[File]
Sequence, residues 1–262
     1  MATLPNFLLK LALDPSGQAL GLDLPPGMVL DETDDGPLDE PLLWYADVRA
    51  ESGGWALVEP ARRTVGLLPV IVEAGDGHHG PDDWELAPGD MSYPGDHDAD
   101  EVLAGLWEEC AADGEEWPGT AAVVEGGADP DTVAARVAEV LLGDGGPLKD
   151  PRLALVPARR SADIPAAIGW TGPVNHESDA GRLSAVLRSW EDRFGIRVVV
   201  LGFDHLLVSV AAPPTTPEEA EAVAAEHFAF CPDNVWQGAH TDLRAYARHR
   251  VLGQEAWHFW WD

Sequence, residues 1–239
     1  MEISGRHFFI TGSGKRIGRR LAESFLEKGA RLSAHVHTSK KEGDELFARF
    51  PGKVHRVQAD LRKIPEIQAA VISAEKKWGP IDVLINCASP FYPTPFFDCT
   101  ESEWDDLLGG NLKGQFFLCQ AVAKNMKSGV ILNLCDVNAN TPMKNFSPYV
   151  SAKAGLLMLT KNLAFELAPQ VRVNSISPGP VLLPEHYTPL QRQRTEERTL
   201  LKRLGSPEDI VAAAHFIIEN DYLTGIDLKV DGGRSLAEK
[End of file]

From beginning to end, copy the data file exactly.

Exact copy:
Sequence, residues 1–262
     1  MATLPNFLLK LALDPSGQAL GLDLPPGMVL DETDDGPLDE PLLWYADVRA
    51  ESGGWALVEP ARRTVGLLPV IVEAGDGHHG PDDWELAPGD MSYPGDHDAD
   101  EVLAGLWEEC AADGEEWPGT AAVVEGGADP DTVAARVAEV LLGDGGPLKD
   151  PRLALVPARR SADIPAAIGW TGPVNHESDA GRLSAVLRSW EDRFGIRVVV
   201  LGFDHLLVSV AAPPTTPEEA EAVAAEHFAF CPDNVWQGAH TDLRAYARHR
   251  VLGQEAWHFW WD

Sequence, residues 1–239
     1  MEISGRHFFI TGSGKRIGRR LAESFLEKGA RLSAHVHTSK KEGDELFARF
    51  PGKVHRVQAD LRKIPEIQAA VISAEKKWGP IDVLINCASP FYPTPFFDCT
   101  ESEWDDLLGG NLKGQFFLCQ AVAKNMKSGV ILNLCDVNAN TPMKNFSPYV
   151  SAKAGLLMLT KNLAFELAPQ VRVNSISPGP VLLPEHYTPL QRQRTEERTL
   201  LKRLGSPEDI VAAAHFIIEN DYLTGIDLKV DGGRSLAEK